Bryan Caplan  

What I Learned at the Tower Records Going Out of Business Sale

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Big finding as the Titanic goes down: The greater the demand for a CD at its regular price, the greater the elasticity of demand for that CD. When everything is 50% off, CDs that normally sell 1 per week may sell 3 per week. But CDs that normally sell 100 per week may sell 1000 per week.

This rule seems to work in every genre. In classical, for example, almost every Wagner disk was gone, but there was still an ample selection of Bax. In punk, every Bad Religion and Dead Kennedys disc was gone, but there were lots of obscure compilations left.

Non-economists probably won't find this surprising, but it is. If one CD is 10 times as popular as another, you'd expect stores to stock 10 times as many copies of it. And if stores are already doing that, the fact that the popular disk still sells out more quickly is not trivial.

Does this law generalize to other markets? Is it a near-universal rule that products in higher demand at their regular price also have higher demand elasticity? Why or why not?


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COMMENTS (12 to date)
Bob Dobalina writes:

If one CD is 10 times as popular as another, you'd expect stores to stock 10 times as many copies of it.

Why don't you walk down the hall and ask your pals on the Operations faculty if that's indeed true. Because I think you have to assume a lot of stuff away to make it so.

Brandon Berg writes:

If one CD is 10 times as popular as another, you'd expect stores to stock 10 times as many copies of it.

I suspect that the explanation is this premise is wrong. I've never worked in retail, so I don't know for sure, but I suspect that infrequent sellers are overrepresented on the shelves.

Suppose a store receives shipments once per week. Now consider first a CD that avearges two copies sold per week. Maybe the store will order enough to bring their stock up to four after each delivery: the two that they expect to sell, plus a safety buffer, since two per week is just an average. So they average three copies in stock.

Now consider a CD that averages one sale per month. They'll probably keep just keep one copy, and then order another one whenever someone buys it. They average about 0.88 copies in stock (since it's out of stock for half a week per month).

So even though the first CD is eight times more popular, there are on average only 3.4 times more copies in stock.

chris writes:

What are the microfoundations here? Intuitively, I'd suppose the opposite were true. A big cut in the price of CDs would cause me to buy more CDs from artists I'd never heard of, in the hope of finding some great new music. But I wouldn't buy anything by J-Lo or Christina Aguilera, as I know and don't like their music.
This suggests price elasticity is inversely related to sales volume, for me. So why do others behave in the opposite way?

Brad Hutchings writes:

At the extreme, where discount = 100%, one could test this by looking at original Napster (or gnutella, ec.) data. I wonder what happens to the long tail curve as price goes to free. I'd bet the front gets taller and steeper, the tail lower and flatter as price goes to free. Which would suggest, contrary to popular wisdom,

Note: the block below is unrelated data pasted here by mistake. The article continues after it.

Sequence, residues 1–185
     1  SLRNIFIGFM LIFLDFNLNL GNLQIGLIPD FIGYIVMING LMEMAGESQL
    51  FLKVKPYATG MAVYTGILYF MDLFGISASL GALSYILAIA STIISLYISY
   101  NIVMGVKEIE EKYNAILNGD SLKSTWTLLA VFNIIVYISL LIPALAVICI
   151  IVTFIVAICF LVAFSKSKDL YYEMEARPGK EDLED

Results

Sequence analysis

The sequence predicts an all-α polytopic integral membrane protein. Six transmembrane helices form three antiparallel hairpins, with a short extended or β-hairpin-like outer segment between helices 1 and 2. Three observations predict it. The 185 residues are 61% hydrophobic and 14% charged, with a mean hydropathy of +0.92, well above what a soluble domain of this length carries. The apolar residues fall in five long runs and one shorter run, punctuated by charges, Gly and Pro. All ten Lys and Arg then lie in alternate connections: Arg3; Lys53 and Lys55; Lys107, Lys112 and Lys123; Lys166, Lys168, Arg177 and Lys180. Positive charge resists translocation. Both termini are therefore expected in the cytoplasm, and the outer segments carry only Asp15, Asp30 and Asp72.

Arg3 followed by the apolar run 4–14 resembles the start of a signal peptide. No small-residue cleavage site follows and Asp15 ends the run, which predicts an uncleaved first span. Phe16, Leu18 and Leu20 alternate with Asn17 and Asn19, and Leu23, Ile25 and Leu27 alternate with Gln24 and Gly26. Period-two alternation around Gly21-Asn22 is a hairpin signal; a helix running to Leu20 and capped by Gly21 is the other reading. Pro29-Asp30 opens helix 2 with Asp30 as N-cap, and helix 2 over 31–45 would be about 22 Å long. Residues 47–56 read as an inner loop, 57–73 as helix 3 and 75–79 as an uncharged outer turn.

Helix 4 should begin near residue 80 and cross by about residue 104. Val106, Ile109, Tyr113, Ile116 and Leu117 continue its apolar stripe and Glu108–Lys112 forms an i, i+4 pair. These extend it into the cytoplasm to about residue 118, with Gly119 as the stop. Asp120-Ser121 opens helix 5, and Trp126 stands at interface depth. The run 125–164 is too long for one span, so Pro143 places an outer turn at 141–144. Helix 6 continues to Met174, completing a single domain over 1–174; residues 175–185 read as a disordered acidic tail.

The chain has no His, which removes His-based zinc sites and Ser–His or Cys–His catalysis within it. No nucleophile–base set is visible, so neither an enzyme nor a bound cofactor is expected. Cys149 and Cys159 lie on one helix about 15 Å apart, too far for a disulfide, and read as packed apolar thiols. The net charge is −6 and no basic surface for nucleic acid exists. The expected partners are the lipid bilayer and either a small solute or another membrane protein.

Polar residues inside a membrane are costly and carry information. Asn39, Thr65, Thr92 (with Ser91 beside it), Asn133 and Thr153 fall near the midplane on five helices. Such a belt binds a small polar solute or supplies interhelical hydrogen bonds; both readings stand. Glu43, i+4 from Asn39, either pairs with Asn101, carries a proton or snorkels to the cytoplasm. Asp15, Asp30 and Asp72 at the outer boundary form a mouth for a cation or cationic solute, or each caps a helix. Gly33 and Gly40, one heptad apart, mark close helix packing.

that the Internet does more to unify us culturally than to break us apart. I.e. in the old world of content, we had several fairly strong "hits", but not a lot on the edges. In the new world of content, we have fewer but stronger hits, with a lot on the edges that don't get much attention. Do I win a Nobel Prize?

John Thacker writes:

The greater the demand for a CD at its regular price, the greater the elasticity of demand for that CD.

Well, consider that you can often find hit CDs for much cheaper at Best Buy, Target, Wal-Mart, etc. than you can the less popular CDs. So the assumption of a greater elasticity of demand for hits seems warranted.

Brandon Berg's point still seems quite relevant to me. It's not clear that your assumption of "If one CD is 10 times as popular as another, you'd expect stores to stock 10 times as many copies of it," should actually hold. Rare CDs may be ordered less often from the supplier than popular CDs, so stores don't need to stock as much of the popular CDs.

To be effective, a retail music store like Tower needs to have one copy of a bunch of different obscure discs in stock at all times. They may only rarely sell that disc, so they don't re-order it often. But they need it in stock so that customers can count on being able to walk into the shop and find what they're looking for. Otherwise customers will realize that special requests are best done on the Internet.

However, all that shelf space costs money; it's cheaper for an Internet retailer to consolidate rarely bought CDs in a fewer number of warehouses and ship them out. That's essentially why Tower (and every other specialty music/video retailer) is going out of business or declaring bankruptcy-- the big box stores stock mostly hits in large amounts and keep them cheap, taking advantage of elasticity. The Internet stores hit the specialty retailers on the other end, by aggregating supply for rare discs more effectively.